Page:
More on Gramsci and Hegemony

Hegemony is when the people at the top of society decide things and manage to make everyone else accept them simply as a matter of course. People are given concessions to keep them in place and people rarely challenge the hegemon (those at the top).

The two ways to attain hegemony according to Gramsci are COERCIVE CONTROL (controlling through force) and CONSENSUAL OR IDEOLOGICAL CONTROL (controlling through convincing people that the way things are makes sense). See more in the previous post here.

What purpose do these serve? 

The ‘common sense’ ideas that ‘make sense’ are not necessarily rational thought but everyone accepts them. The hegemon pushes these ideas to keep people in their place where they no longer question why they think the way they do.

The media is a battleground – eventually people can challenge the hegemon and get some ideas through. Their ideas  may then be acknowledged as common sense but the hegemon still has the power to undermine.

e.g. ‘health and safety gone mad’, ‘political correctness has gone too far’ – these are terms we all know off by heart and yet we don’t really know why/ they aren’t actually rational. Health and safety is there for a reason to stop people from potentially dangerous situations and surely Political Correctness is fairer for all etc etc.

While the hegemon may undermine the ideas, Gramsci’s theory is a more positive view of the media than of those of the C&CT group or the Frankfurt School because we have the ability to fight back.

How can we win? By educating ourselves and talking about it.

We’re always subjects of hegemony but if we’re aware we can tell someone else and fight against the ‘norm’ so to speak. If we all see the world differently together (and not conforming) then something is likely to change.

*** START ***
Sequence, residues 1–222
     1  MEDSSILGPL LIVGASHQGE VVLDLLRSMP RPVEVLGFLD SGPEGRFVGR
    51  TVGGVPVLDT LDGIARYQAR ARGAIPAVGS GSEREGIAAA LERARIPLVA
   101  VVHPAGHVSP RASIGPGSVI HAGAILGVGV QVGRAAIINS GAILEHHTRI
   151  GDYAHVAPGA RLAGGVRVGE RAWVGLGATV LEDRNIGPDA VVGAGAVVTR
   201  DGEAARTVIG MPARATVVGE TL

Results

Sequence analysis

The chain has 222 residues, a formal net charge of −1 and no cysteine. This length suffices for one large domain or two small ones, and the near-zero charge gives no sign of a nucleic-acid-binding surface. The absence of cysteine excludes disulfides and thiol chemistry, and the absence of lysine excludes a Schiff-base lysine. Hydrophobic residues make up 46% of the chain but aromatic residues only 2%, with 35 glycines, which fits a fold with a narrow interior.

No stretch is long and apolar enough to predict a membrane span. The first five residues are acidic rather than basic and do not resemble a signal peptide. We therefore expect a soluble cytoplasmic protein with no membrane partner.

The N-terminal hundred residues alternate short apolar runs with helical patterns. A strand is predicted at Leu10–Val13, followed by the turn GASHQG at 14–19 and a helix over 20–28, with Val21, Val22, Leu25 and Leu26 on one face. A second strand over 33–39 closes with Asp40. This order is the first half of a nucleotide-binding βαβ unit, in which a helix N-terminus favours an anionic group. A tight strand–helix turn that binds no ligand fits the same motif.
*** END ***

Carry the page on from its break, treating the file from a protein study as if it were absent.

How are subversive elements nullified? 

  • labelling and categorization: by giving names to undesired behaviours we label the behaviour as ‘deviant’. e.g. ‘homosexuals’, ‘football hooligans’, ‘terrorist’ in the media.
  • trivialisation: absorbing subversive ‘threats’ into the mainstream by mocking them.

Why could the western political system be described as a hegemony, rather than a democracy?

  • media concentration puts power in the hands of a few wealthy and powerful individuals.
  • politicians can only reach the voters by using the mass media which is controlled by the few in line with their views.

What do you understand by the term ‘token’ dissenters? 

  • dissent is merely reduced to ‘tokenism’.
  • few individuals are tolerated in a way that presents them as ‘talented eccentrics’.
  • They are patronised or made a joke of in mainstream media.
  • having ‘token’ dissenters allows the media to show ‘balanced’ views however there will be more shown to represent the ‘common sense’ idealogy of the hegemon, rather than the dissenter.


These notes are from year two semester two lectures and seminars. The image is from:



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